As she received the faculty of speech at an early age, all the other faculties of her soul were likewise rapidly developed. Every person who saw her was very much struck by her beautiful appearance, but still more by that Heavenly something, which hung around her person. There was a something more than flesh and blood, which spoke to the heart and shadowed forth the beauty of the soul within.

Brothseach took a most particular interest in her child, and treasured up every thing she heard of her future greatness. Her nurse was not less anxious about her; and as her intellect became stronger, she told her of Jesus and Mary; and when these sweet names fell on her infant ear, her eye used to brighten, and her infant curiosity should be gratified by hearing more about them. When the nurse spoke of the Infant Jesus, Bridget would listen with the greatest attention and put a thousand childlike questions about His infant days. Then she would speak of Mary, the mother of Jesus, and Bridget would listen Again; and when she spoke of the beauty and the lovingness and the tenderness of both, Bridget would sometimes say that she loved them; but when she was told how they both were treated by the World, her little heart would grow sad, and the large tears would drop from her eyes. These impressions were made oft her infant mind; and when she was told not to offend them, she anxiously inquired how she could please them; when told, with childlike simplicity she said, I will never do any thing that will offend Jesus and Mary.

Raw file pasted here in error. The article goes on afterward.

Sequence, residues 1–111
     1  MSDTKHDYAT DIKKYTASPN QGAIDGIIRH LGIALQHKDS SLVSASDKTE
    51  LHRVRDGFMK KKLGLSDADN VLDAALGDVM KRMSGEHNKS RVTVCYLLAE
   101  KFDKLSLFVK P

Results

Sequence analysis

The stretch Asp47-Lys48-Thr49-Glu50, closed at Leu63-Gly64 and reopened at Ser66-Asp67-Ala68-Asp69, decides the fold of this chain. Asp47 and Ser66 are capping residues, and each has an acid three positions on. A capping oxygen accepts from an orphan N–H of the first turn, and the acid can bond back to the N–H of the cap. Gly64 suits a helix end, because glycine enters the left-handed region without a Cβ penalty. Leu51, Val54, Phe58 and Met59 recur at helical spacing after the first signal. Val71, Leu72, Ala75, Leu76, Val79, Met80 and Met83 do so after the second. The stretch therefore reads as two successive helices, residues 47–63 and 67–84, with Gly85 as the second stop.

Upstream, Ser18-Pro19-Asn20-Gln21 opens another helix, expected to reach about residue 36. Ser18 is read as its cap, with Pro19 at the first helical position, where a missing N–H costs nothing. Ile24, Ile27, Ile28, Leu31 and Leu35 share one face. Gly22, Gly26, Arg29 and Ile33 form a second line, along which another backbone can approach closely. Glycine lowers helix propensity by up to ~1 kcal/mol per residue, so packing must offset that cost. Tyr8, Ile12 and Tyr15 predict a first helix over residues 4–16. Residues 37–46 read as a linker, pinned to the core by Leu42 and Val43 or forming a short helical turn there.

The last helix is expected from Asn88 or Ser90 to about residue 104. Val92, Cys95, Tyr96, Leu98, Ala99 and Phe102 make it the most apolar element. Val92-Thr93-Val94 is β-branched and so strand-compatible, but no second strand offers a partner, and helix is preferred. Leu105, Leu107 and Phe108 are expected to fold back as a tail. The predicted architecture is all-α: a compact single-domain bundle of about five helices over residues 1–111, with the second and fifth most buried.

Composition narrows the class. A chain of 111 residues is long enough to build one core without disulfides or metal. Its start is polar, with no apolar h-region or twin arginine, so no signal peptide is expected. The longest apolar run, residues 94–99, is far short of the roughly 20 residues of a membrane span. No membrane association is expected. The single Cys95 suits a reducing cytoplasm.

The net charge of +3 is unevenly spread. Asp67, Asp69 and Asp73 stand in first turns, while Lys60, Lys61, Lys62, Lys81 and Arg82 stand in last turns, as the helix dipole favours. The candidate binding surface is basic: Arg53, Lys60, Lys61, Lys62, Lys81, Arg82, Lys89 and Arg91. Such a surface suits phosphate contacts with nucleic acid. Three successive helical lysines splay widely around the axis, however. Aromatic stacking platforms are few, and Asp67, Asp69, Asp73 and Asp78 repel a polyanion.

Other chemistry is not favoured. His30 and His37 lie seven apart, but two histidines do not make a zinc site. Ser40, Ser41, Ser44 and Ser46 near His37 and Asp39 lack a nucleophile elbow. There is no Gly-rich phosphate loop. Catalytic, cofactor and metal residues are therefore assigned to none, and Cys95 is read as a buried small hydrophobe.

In this manner Bridget was taught the Christian doctrine by her nurse and by her mother; and it is thus every pious mother should instill into the minds of her children the same truths. The young mind is susceptible of the finest impressions; and first impressions can never be thoroughly erased from the mind. Persons in after life may deviate from them; but the well educated child shall always remember the instructions of his youth; Parents neglect this duty too often, and the harsh treatment they sometimes receive from their children is a just punishment for their forgetfulness. But if they implanted in their minds the sound principles of Christian morality, they would have just reason to rejoice in their children; and in turn their children in after years would remember their parents with affection, and thank God for having given them parents who loved and feared Him.